That is not true, that president is not making corruption his only his only agenda. No, the party went out, during the electioneering campaign, and made promises to the people. The three major cardinal promises to the people were: to fight corruption, to fight insurgency and then, to fix the economy. So, the president is acting within the ambit of his promises to the people, of which corruption is a major aspect. That is not to say that the other aspects of his promises are being neglected.
But Nigerians are anxious
Nigerians are bound to be anxious, I will not be surprised if they are not anxious because anxiety is part of human nature and I do not have a problem about that. It is just the fear of the unknown. If the president does not fight corruption headlong, corruption will kill Nigeria and that is the truth.
Funding deficit in the budget
If the president and his administration are able to fight corruption to a standstill and retrieve money, then, we will not need to borrow to fund the deficit in the budget. The amount of money out there is more than enough to fund the budget. It is a wise thing. If the budget is well funded, that will translate in boosting the economy. If the economy is boosted, of course, majority of Nigerians will smile at the end of the day. There will be employment, the industries will be better. It will have a multiplier effect.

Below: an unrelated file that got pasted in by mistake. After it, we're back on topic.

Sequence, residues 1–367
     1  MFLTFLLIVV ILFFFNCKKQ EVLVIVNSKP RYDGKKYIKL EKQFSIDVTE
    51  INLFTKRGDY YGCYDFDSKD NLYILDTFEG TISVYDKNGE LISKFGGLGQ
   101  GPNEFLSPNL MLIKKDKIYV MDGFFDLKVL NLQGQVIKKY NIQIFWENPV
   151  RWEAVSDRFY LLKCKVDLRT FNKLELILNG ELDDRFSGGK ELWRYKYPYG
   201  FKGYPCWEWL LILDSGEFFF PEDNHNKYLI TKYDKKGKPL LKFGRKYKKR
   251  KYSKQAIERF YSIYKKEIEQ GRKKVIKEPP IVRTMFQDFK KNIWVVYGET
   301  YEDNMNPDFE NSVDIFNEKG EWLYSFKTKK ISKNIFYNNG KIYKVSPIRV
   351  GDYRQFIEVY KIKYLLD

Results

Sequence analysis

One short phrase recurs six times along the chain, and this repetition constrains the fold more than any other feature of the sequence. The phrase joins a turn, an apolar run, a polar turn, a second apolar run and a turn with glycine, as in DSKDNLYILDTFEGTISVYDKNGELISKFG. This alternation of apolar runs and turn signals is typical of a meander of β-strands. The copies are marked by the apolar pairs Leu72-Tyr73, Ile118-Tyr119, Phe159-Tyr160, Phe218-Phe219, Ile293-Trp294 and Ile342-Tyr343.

Yes, because these things are not happening, that is enough to give people cause for anxiety but like I said, anxiety is part and parcel of the human nature.
What is important is that the goal is there which is being pursued. Don’t forget, we also have things we don’t have control over and that is the fall in crude oil. It is just a challenge and an opportunity.
Painful as it is, it is an opportunity for us to now purpose the cause of diversification of the economy and that is why the president will always talk about the solid minerals sector and the agricultural sector. These are the things to expect.
Are you a Tinubu boy as some of you have been tagged so?
(Cuts in) I do not think so. I have been a long political associate to Asiwaju Bola Tinubu. He is a leader and my leader.
There is the assumption that there is a Cold War between the former governor of Lagos State, Asiwaju Tinubu and the president
To the best of my knowledge, I am not privy to that.
Just last week, the governor of Kogi State, Mr Yahaya Bello was sworn-in without a deputy, a first in the history of the country. What do you make out of this?
It is novel and never been before, there is always a first time, but it will form a process of developing our political system. It is something we have look into and know the implications and the interpretation in terms of law because nation building is a continuous process.
But does it not show a crack in your party?
I don’t see it as a crack, don’t forget that when a citizen feels aggrieved, the citizen will be free to go to court. For me, it is just testing the process and the law. The meaning of any law is not fully established until it is tested in court. That is the beauty if democracy.